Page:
Despite Yasiel Puig’s remarkable throw in the 11th inning, the Los Angeles Dodgers couldn’t come up with a win against the San Francisco Giants Monday night, leaving the team five games to clinch the NL West with their magic number at three.

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While Puig was strong defensively, he had a quiet night at the plate, which has been uncommon since his recent turnaround. Puig’s breaking out of his slump can be tied to manager Don Mattingly understanding the difference a hot-hitting Puig can make and coming to the decision to put him in position to succeed, according to MLB.com’s Michael Lananna:

When we were getting close to [playing] San Francisco, we really just decided we’re a better team when this guy’s going,” Mattingly said Monday. “And then just throwing him in the two-hole and saying, ‘Let’s go.’ Trying to put our lineup back together.”

Mattingly also added he believes Puig has put his hitting woes behind:

I feel like he’s turned the corner, honestly,” Mattingly said.

Prior to the Dodgers beginning a road trip in San Francisco, Puig found himself in the middle of a slump that dated back to the beginning of August. During the six-week downturn, his batting average fell as low as .290 as he struggled to get on base.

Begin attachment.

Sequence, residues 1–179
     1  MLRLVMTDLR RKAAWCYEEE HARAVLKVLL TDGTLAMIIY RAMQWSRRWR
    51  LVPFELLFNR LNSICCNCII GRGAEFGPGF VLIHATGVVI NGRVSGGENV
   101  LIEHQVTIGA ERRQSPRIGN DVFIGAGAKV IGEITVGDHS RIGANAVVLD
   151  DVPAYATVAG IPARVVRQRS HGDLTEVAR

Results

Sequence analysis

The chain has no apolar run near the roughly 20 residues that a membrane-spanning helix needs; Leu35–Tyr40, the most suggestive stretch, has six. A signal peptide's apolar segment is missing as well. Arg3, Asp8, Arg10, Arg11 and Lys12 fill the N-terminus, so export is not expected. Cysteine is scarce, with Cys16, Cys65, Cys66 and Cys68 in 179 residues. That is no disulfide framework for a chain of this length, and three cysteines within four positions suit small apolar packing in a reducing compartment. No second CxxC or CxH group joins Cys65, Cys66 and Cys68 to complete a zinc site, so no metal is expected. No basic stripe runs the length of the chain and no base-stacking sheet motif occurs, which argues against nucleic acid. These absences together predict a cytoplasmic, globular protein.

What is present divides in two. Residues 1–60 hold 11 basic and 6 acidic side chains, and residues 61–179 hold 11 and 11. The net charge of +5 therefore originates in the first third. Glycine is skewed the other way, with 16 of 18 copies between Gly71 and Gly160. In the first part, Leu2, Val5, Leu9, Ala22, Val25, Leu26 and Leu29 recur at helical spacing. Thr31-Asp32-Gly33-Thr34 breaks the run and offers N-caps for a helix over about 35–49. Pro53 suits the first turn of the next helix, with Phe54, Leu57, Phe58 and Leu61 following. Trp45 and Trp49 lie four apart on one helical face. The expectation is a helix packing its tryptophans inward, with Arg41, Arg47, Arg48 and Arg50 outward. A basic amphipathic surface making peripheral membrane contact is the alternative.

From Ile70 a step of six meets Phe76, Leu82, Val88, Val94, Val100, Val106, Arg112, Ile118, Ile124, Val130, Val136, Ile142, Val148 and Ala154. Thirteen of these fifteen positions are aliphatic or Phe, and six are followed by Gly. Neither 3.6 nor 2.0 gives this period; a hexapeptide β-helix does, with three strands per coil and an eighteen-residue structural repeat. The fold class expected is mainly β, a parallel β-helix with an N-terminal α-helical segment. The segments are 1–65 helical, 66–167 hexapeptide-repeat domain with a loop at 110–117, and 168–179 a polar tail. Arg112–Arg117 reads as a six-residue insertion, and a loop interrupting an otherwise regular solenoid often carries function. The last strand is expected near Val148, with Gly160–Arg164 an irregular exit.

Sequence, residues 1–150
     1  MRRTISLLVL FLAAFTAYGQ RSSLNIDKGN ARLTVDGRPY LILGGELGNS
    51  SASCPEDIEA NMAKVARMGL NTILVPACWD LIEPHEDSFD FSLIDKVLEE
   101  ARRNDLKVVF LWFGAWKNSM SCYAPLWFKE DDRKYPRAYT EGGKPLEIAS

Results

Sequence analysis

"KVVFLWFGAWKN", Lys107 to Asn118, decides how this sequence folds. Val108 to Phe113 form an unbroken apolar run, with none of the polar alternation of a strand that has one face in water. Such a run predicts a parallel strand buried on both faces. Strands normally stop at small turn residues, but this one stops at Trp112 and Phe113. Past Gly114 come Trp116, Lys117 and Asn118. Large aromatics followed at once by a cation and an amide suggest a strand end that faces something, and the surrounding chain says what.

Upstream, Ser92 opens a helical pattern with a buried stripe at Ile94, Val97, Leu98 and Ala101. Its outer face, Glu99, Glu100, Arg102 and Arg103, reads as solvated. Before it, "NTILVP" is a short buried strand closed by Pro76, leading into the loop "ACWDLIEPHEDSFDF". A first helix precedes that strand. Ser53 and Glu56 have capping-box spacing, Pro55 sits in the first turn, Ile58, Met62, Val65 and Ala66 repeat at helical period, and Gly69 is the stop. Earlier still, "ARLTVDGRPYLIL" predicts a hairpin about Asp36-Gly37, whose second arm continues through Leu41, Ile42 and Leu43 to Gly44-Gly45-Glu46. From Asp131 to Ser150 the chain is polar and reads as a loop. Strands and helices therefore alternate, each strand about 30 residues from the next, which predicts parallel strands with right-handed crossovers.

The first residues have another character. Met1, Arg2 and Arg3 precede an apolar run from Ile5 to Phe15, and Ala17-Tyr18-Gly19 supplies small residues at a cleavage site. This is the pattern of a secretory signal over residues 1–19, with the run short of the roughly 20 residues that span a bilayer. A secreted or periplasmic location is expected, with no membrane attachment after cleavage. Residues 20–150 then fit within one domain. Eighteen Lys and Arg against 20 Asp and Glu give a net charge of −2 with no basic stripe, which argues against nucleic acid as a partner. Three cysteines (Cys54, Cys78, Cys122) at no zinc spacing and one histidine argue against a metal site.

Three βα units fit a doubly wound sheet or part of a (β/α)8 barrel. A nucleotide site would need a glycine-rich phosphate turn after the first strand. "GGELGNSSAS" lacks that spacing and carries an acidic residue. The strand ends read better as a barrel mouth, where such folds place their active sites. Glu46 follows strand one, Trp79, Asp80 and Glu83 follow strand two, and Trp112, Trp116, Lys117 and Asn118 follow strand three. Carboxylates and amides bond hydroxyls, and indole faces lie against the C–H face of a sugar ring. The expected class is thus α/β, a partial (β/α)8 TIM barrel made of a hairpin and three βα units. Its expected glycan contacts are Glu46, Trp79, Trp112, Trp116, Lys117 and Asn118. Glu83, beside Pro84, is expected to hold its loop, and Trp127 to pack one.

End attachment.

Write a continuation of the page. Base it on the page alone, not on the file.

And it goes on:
The power seemed to disappear as well as he hadn’t hit a home run since July 31 and he managed to collect just five RBIs during the same span. Puig swung the bat better in San Francisco and didn’t slow down as the road trip hit Colorado and Chicago.

Against the Rockies and Cubs, a different Puig showed up at the plate. In the seven games, Puig hit 13-for-31 with two home runs and six RBIs. Puig’s turnaround couldn’t have come at a better time for the Dodgers, who are hoping to close out the regular season on a high note.

With the postseason beginning next week, the Dodgers are looking to repeat as NL West champions and make a deep run in the playoffs with their eye on winning a World Series for the first time since 1988.

About The Author

Russell Valenzuela graduated from UC Irvine and previously wrote for Dodgers Nation. As a Dodger fan since childhood, he follows and tracks statistics for a variety of sports.

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